The new marketing office is nothing like the old—bright colours, exercise balls fill up the place, and the cabins are in the process of getting converted to meeting rooms. While Ramco had mostly avoided partnerships for marketing, it has now tied up with Eurocopter, the Franco-German-Spanish helicopter maker. (While Ramco makes enterprise resource planning applications, its focus is on the aviation sector. Columbia Helicopters and Air India are among its customers.) Gartner’s Padmanabh says that during its calls with Ramco’s clients, the feedback has been that it has turned much more aggressive, and that the way it has enhanced its products often draws comparison with SAP or Oracle.

The Crucial Piece of Change Management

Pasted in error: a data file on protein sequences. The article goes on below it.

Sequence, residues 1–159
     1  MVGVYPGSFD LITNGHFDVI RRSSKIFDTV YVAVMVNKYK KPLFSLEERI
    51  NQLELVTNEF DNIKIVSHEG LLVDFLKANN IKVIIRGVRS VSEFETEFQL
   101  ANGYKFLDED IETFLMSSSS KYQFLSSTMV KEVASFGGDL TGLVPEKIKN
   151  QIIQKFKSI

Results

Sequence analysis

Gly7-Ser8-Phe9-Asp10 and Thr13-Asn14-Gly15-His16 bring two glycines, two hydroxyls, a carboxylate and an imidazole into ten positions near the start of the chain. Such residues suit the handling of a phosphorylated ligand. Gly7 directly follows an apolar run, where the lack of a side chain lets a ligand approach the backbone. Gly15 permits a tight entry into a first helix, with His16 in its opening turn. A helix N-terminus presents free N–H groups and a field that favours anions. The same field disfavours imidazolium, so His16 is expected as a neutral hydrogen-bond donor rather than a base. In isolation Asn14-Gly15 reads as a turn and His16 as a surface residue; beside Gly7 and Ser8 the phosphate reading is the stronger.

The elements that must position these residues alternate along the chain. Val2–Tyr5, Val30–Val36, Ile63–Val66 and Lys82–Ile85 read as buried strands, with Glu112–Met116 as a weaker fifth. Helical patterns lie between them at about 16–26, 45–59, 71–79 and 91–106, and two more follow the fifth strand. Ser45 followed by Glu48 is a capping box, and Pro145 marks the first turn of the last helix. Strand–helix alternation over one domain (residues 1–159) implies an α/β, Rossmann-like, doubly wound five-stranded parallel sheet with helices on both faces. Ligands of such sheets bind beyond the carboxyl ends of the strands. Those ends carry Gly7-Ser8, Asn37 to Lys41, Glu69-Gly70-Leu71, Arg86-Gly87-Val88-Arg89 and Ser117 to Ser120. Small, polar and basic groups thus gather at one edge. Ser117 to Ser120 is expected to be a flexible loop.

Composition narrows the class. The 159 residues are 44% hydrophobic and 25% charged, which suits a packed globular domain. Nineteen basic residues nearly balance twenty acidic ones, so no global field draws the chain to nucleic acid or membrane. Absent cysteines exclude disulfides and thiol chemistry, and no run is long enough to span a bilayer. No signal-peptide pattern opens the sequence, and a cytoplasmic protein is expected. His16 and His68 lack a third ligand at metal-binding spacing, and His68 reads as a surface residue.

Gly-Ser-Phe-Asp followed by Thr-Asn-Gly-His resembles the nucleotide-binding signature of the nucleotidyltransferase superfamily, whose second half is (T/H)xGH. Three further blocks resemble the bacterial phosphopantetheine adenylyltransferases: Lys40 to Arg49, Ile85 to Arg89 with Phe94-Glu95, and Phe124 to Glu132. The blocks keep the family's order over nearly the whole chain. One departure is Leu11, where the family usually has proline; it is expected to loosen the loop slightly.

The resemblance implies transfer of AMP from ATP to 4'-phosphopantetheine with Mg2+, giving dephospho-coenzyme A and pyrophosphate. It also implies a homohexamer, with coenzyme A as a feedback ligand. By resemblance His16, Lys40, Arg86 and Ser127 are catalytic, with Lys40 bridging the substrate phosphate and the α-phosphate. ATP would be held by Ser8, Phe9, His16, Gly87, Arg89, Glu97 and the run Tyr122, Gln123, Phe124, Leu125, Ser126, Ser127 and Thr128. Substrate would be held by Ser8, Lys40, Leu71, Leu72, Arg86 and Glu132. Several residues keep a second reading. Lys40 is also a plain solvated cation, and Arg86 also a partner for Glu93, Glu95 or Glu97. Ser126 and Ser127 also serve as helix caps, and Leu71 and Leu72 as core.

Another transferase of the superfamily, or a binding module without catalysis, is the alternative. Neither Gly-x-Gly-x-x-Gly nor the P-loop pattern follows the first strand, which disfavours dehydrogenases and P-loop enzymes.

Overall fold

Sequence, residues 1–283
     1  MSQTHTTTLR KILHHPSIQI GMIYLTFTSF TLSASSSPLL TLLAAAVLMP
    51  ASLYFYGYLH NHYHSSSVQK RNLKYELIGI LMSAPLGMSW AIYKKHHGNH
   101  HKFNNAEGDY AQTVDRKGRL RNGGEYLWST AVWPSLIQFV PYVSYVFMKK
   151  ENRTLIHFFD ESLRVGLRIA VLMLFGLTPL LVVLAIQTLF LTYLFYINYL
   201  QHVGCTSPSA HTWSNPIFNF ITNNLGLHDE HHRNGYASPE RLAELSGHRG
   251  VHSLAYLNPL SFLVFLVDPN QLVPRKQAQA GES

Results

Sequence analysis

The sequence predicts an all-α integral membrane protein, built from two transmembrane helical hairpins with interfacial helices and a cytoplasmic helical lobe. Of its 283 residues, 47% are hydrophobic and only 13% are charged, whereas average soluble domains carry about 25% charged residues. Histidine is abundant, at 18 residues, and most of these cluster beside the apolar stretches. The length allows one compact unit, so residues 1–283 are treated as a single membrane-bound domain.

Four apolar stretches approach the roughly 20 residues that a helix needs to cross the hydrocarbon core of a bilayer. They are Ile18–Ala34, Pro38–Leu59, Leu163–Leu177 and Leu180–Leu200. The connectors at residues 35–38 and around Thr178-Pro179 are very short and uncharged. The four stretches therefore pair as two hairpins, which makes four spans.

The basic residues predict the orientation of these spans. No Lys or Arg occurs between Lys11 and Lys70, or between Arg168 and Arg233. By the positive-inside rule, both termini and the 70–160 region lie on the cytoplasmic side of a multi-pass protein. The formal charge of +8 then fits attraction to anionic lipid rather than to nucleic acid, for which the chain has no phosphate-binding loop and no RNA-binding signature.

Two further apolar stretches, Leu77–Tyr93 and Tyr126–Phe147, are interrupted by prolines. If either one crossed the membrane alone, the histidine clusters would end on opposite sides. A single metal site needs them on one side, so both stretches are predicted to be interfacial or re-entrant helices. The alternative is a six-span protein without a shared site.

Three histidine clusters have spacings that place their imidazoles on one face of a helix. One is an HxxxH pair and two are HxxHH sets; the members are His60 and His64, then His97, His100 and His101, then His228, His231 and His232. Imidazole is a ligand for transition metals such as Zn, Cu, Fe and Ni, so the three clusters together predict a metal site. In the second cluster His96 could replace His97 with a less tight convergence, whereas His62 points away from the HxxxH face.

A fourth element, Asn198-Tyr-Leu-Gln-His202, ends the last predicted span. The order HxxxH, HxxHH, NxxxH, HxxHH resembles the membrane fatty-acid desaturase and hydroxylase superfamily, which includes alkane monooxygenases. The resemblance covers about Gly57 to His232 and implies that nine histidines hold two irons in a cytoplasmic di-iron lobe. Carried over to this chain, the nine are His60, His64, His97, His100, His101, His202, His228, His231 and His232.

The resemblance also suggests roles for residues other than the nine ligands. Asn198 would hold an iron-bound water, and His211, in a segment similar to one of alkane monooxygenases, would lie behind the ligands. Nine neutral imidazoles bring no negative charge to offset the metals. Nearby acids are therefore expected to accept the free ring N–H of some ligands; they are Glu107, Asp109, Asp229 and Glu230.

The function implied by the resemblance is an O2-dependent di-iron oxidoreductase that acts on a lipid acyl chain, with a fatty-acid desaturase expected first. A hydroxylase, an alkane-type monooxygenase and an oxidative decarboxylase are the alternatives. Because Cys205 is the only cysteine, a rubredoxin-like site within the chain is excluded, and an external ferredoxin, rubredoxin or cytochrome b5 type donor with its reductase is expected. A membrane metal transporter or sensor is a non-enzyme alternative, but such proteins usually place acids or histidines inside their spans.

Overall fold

Insiders say that these changes haven’t happened without a lot of heartburn. One employee complained that Aggarwal has always been in IT services and doesn’t understand that the products business is different—and might end up destroying the core strength of Ramco, its engineering, by changing too many things too fast.

Aggarwal is aware of the shockwaves that he has sent inside the company, but he believes he has done the right thing. Some time back, Ramco had invited a professor from Harvard, Boris Groysberg, who specialises in organisational behaviour, to help it through the change. The big learning from Groysberg, Aggarwal says, was that change, first of all, should be fast. Do it at one go, and be done with it (instead of letting people speculate what will happen next).

Groysberg also advised the team not to get too emotional about letting people go. “There was a fair degree of shock at the speed at which change took place. But now, the degree of acceptance is creeping in. There has been some pain. But, when we succeed in the market that pain will go away,” Aggarwal says.